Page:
John McGregor (afterwards Lord McGregor) has rejoined merchant bankers Hill Samuel since his departure from the Transport Department, where he was Secretary of State. Hill Samuel has advised the Government in many privatisations, including that of British Airways. During Mr McGregor’s tenure at Transport, the Department appointed the bankers to advise the Government on the highspeed Channel Tunnel rail link, though there was no suggestion that Mr McGregor was involved in the decision. Other former ministers such as Robert Jackson, Tim Yeo and Robert Key have obtained jobs since leaving the government. Earlier this year, the current Conservative Party Deputy Chairman and MP, Dame Angela Rumbold, was forced vigorously to defend her £12,000 salary with a commercial lobbyist, after the company with which she was associated successfully lobbied for the Channel Tunnel rail link station to be sited in Ebbs-fleet in Kent. Dame Angela told the Nolan Committee that she had never sidled up to anyone in the Commons lobby and asked a question on behalf of the firm’s clients, ‘I am not that sort of person. I cannot bring myself to ask people favours,’ she reportedly told the Nolan Committee. The chairwoman of the company with which Dame Angela was involved until resigning in October 1994 denied that the MP’s role was to pull strings on behalf of her clients. Lord Nolan is reported to have responded: ‘Would it not be the case that if I as a normal businessman had the choice of two particular lobbyists that I would not be affected by the fact that on your board was a member of the final umpire’s body as it were – the MPs? It must be, must it not, a very good selling point for your organisation.’ The chairwoman replied that it ‘must be much more useful than to have an electrician or a plumber on the board’.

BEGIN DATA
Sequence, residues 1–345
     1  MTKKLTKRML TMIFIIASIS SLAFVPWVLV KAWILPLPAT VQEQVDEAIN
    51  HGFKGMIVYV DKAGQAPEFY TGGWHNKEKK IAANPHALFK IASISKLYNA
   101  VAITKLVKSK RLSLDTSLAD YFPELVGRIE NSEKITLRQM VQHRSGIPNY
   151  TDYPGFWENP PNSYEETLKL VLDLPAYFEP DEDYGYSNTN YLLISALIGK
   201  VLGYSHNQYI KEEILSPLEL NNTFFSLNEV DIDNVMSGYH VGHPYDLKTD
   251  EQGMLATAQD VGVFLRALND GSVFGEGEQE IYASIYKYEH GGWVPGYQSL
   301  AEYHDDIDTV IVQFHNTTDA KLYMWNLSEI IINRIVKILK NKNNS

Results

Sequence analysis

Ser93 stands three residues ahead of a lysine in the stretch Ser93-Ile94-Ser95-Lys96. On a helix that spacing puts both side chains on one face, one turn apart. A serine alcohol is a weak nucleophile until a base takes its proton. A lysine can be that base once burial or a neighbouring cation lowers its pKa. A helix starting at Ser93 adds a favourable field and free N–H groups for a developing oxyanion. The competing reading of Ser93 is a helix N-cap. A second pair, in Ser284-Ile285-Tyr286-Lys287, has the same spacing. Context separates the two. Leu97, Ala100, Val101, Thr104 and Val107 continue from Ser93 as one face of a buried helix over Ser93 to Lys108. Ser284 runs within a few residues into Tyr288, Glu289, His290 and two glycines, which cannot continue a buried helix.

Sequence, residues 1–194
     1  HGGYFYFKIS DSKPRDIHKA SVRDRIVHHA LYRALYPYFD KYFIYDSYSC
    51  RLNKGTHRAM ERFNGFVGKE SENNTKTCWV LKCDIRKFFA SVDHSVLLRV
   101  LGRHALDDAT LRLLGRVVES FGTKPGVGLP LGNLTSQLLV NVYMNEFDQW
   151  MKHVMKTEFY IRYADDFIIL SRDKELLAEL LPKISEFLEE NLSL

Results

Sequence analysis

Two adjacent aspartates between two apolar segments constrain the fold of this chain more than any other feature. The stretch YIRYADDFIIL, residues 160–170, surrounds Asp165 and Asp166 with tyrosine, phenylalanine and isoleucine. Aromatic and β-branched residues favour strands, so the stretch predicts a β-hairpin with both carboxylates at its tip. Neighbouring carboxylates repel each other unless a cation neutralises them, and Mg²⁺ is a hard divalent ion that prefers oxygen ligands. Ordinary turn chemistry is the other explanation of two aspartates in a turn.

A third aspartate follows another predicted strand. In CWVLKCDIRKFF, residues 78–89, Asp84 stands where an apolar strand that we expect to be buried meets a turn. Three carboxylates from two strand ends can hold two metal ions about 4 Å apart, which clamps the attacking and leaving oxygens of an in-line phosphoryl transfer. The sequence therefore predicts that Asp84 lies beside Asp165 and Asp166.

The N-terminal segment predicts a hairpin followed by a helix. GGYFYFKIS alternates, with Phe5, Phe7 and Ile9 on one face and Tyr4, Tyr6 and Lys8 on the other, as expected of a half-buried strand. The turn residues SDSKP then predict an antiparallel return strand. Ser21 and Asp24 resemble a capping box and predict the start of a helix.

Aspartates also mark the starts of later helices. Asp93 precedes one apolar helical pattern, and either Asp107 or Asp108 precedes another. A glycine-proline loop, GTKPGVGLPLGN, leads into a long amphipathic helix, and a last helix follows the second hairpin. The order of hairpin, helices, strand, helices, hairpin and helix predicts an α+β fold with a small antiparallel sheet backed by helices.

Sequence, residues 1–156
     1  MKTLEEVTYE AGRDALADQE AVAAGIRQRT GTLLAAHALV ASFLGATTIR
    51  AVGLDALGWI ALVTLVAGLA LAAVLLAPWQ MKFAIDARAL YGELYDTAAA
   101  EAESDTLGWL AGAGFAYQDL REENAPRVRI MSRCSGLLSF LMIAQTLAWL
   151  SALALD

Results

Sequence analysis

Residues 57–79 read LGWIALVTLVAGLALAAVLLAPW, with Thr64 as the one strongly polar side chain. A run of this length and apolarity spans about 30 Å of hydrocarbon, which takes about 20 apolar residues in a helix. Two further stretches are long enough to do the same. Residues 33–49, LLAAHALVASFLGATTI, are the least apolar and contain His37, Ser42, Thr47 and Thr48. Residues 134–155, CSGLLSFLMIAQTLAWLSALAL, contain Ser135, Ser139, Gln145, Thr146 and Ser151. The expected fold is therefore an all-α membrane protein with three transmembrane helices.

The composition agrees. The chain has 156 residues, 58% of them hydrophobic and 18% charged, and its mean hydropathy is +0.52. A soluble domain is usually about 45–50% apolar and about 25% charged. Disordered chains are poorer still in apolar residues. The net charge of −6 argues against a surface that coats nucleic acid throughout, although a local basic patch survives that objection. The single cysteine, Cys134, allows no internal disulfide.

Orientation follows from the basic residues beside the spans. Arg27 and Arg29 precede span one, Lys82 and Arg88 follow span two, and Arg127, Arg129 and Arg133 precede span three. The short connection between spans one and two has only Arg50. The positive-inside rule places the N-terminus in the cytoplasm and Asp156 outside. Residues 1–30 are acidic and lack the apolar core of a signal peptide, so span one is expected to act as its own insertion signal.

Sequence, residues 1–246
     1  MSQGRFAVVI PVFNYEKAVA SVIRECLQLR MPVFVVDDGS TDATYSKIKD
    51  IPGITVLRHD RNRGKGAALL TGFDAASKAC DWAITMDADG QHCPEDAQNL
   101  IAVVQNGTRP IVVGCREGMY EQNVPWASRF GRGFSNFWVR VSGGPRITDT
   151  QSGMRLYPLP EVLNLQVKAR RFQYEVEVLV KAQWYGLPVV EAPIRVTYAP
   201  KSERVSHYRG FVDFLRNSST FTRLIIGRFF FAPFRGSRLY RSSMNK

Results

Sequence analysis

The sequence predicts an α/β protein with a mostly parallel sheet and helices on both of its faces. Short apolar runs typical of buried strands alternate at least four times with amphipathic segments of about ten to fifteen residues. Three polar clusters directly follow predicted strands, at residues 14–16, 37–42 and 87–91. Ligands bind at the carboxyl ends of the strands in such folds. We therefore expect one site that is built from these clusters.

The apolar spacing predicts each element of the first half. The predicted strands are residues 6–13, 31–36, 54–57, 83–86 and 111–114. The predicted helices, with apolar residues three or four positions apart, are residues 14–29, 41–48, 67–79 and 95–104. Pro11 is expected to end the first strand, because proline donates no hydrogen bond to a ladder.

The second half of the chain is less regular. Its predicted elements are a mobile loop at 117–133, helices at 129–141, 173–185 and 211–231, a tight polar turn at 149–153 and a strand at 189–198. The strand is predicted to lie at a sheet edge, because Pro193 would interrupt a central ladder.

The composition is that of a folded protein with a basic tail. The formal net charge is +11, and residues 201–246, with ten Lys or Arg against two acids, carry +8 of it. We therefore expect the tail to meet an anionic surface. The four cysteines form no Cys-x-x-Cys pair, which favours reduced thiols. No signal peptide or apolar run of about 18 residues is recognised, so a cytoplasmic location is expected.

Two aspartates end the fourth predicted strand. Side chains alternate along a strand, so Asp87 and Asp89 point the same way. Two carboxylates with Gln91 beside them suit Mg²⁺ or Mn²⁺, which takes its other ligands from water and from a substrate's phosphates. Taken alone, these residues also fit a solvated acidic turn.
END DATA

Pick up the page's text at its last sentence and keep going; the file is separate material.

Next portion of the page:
The Conservative gravy train is not confined to former ministers. By the start of January 1993, 25 of the 63 Tories newly elected the previous year had collected 38 consultancies between them. At the end of November 1994, 200 out of the 243 Conservative backbench MPs (82 per cent) held a total of 276 paid directorships of companies and 356 paid consultancies with companies or other commercial organisations, with the MPs Michael Grylls and Sir Jerry Wiggin holding as many as ten such positions each. Despite all the opportunities for financial gain within the rules, there have even been examples of a willingness to take a more covert approach to the business of making money. During the 1989-90 Parliamentary session, the Tory Member for Winchester, John Browne, was suspended from the Commons for 20 days for having failed to disclose various interests and items of remuneration, including an $88,000 payment from the Saudi Arabian Monetary Agency for a study he wrote for them. He did not fight the next election in the Conservative colours. Keith Best stood down as Conservative candidate in 1987 when it emerged that he was to be charged with criminal deception arising out of what was alleged to have been a multiple application for British Telecom shares. The ‘cash-for-questions’ controversy, referred to above, is another example. In 1994, the Department of Trade and Industry appointed inspectors to look into alleged share purchases in Anglia Television in January 1994, around the time when the company had agreed to a takeover bid by MAI plc, the owners of Meridian TV, but before the deal had been made public. Mary Archer, the wife of the Conservative peer Lord Archer, was a non-executive director of Anglia and had been present at board meetings at which the takeover had been discussed. In a statement, the DTI confirmed that inspectors were investigating ‘possible insider dealing contraventions by certain individuals including Lord Archer’. It emerged that Lord Archer had been involved in share dealing in Anglia before the takeover was made public, buying shares in the name of a business associate, these transactions generating a profit of almost £80,000. He publicly apologised for the embarrassment that the affair had caused his wife, but continued to maintain that he had had no advance knowledge of the deal. On 28 July 1994, the President of the Board of Trade, Michael Heseltine, decided that ‘no further action was to be taken.’ Six months later, Mary Archer resigned from the board of Anglia Television.